I think the simple answer is, mathemeticians have better things to do with their time. I hope some day ATPs are nearly as easy to use as LaTeX, at which point everyone will use ATP to guantee they have made no errors. But today, formalizing proofs in ATP is a difficult and low-reward activity.

there is a new/ recent sciam article on attempting to eg streamline the classification of finite simple groups, spanning thousands of pages, and afaik, nobody is talking about (what might seem somewhat obvious) mounting an ATP effort on that….

I think I read a similar article a while ago too. It’s really amazing what a feat the proof is, involving so many mathematicians and so many pages!

The highest priority is to have a self-contained, complete human-readable proof first, before we proceed to ATP. ATP could be done any time in the future, since it’s just translation of what’s already been written. But streamlining the proof ideally needs to be done while the experts in the proof are still alive.

From wikipedia, I see that the Feit-Thompson theorem, one of the first steps in the classification proof, has been formalized.

49. Scott Says:

Luke #48: Thanks so much for explaining all that, and thereby saving me the need to!

The one thing to add is that, while converting an informal proof to a formal language like ZFC does incur a blowup, the blowup will be by a constant factor—it won’t be by an exponential, as can happen, for example, when converting from ZFC to resolution (for a proof of the unsatisfiability of a propositional formula). That’s just a different way of saying that ZFC is powerful enough to capture all ordinary mathematical reasoning. (Indeed, even if you wanted more powerful principles than ZFC, like Grothendieck universes, you could just tack them on as additional axioms—what’s really important for this discussion isn’t the ZFC axioms, but just the language and inference rules of first-order logic.)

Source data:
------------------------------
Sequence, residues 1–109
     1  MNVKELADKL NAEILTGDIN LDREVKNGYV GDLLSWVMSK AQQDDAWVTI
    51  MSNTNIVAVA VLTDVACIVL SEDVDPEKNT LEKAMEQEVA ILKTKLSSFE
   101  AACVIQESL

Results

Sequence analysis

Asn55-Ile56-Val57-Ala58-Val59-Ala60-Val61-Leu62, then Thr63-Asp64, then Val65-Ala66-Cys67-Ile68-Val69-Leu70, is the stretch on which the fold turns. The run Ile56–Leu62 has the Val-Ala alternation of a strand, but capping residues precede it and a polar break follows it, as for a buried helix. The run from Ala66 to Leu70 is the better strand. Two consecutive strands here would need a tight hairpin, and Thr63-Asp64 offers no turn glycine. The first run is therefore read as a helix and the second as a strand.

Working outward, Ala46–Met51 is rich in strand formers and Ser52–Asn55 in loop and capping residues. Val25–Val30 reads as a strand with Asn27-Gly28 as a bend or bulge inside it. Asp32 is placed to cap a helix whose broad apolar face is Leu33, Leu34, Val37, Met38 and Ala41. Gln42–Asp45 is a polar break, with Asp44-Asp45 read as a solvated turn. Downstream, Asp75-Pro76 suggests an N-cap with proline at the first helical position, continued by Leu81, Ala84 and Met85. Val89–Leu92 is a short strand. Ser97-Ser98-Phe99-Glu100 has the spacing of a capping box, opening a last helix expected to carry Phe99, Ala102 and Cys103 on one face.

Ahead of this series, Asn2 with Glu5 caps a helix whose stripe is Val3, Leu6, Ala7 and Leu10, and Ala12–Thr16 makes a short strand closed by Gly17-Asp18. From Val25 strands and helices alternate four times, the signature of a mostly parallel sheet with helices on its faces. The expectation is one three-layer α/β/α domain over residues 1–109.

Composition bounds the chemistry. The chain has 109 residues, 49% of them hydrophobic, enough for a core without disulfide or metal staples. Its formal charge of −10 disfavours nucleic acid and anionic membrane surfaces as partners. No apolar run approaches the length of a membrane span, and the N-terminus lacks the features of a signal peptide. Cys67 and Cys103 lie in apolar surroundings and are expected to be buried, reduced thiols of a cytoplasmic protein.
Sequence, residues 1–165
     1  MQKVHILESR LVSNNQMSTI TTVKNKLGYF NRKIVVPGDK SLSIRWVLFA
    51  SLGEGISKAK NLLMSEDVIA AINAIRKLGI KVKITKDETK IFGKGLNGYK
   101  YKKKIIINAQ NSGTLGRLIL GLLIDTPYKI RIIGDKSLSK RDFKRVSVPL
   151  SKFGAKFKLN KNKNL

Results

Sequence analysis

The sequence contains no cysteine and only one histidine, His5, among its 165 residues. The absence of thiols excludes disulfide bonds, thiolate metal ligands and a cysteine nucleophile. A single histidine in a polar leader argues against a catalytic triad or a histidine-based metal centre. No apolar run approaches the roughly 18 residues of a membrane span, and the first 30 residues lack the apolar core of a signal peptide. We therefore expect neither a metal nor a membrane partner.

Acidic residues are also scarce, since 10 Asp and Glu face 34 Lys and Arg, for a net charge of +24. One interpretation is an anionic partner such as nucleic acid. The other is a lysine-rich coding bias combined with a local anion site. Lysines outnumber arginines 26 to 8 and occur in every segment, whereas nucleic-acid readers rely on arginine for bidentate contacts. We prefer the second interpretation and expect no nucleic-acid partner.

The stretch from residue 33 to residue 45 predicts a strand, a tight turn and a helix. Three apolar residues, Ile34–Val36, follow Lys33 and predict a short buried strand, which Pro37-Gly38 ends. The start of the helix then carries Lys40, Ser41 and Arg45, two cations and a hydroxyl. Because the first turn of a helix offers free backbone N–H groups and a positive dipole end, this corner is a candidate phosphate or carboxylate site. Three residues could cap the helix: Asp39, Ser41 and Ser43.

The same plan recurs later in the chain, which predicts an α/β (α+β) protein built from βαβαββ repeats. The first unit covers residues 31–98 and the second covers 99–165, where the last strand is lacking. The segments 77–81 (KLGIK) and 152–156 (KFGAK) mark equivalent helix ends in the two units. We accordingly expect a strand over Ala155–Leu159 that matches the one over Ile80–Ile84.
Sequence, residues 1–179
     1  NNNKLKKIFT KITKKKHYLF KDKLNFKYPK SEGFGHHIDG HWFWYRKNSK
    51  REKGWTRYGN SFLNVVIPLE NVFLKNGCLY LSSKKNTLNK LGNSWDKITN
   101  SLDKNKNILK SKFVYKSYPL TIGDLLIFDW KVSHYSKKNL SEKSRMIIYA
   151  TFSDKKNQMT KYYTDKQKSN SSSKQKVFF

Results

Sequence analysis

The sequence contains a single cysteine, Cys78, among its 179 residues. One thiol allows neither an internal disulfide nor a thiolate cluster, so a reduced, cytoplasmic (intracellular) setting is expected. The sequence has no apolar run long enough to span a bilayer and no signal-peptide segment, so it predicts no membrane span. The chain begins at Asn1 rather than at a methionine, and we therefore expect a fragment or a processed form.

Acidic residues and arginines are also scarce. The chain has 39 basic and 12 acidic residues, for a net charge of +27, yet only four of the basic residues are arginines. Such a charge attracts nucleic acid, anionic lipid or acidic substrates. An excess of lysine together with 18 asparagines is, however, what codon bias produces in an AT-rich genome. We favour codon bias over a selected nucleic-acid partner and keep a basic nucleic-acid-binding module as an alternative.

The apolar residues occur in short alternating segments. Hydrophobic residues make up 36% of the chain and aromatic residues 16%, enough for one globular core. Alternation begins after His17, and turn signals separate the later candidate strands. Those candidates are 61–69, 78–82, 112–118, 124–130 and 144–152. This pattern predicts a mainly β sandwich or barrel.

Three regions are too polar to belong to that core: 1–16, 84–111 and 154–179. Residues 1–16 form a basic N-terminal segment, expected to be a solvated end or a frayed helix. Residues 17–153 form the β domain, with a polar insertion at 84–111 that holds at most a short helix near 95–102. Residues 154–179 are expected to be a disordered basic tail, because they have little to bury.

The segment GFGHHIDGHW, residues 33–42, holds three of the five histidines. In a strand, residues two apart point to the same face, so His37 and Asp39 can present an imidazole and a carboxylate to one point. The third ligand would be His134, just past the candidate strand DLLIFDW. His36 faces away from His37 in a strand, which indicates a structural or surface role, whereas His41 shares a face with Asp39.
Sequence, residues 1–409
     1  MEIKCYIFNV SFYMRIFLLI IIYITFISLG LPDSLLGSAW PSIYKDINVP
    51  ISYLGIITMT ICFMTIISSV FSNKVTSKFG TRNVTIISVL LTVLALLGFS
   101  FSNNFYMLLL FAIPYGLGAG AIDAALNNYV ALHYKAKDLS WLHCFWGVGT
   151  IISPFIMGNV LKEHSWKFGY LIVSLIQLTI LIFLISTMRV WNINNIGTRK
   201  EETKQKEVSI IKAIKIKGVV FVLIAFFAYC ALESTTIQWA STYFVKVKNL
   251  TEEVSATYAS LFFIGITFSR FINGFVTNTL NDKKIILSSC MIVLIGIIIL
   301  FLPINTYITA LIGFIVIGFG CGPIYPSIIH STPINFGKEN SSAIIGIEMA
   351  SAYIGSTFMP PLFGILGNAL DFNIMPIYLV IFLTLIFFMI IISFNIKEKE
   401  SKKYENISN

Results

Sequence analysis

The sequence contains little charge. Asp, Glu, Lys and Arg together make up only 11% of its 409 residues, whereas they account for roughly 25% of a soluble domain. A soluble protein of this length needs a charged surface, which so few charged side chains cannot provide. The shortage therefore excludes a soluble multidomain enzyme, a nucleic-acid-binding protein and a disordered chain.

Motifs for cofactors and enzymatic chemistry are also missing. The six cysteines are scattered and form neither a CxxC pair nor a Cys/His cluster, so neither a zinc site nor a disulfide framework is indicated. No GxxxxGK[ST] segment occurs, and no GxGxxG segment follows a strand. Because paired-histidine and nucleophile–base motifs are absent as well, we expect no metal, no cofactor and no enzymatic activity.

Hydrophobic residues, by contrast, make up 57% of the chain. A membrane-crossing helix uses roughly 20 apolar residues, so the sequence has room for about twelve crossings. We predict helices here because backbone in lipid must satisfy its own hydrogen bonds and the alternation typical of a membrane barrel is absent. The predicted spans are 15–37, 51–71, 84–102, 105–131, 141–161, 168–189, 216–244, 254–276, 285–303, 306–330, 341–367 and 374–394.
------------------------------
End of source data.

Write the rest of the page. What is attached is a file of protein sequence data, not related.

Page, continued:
50. Scott Says:

Raoul #34:

There is no reason to think it could be lowered to even n^999999, other than the fact in some cases it has happened.

So, it might have world changing theoretical importance, but it will continue to have zero practical importance.

Pretty much everyone agrees that P = NP is the top TCS question. We are all on board with that. But why are so many unwilling to let it just be a great theoretical problem? Claiming it has practical significance is irresponsible BS.

Suppose someone built a controlled nuclear fusion generator, which put out way more power than was needed to run it, but the one caveat was that the current model cost ten billion dollars per day to operate, making it completely economically impractical.

By your standards of argument, we would need to say: this discovery is purely theoretical; it has zero practical significance (and claiming that it does is irresponsible BS). We can’t say that the cost will probably come down, since logically, no one can prove that the cost will come down by even a cent.

But I think the most hardheaded businessperson would say that’s completely absurd. If we’re talking about practical significance at all, then ipso facto we’ve left the realm of proof and entered the realm of Bayesian likelihood. And all of our experience in theoretical computer science tells us that exponents, particularly huge exponents, are a lot like prices. I.e., they’re numbers whose hugeness is way more likely to reflect the messy compromises of a proof than some Platonic reality, and that (like the cost of a brand-new technology) can come down dramatically if people care enough about bringing them down, and invest enough blood and sweat into optimizing them.

Must that always be the case? Of course not. And believe me that I’m perfectly capable of distinguishing what we can prove from what’s merely in keeping with all our previous experience. But if I’m asked to speculate about the likely practical implications of such-and-such a result (as opposed to the logically provable implications), then why on earth should I ignore previous experience? It’s not what people do in any other domain, making the insistence on it in theoretical computer science an isolated demand for rigor.

51. Scott Says: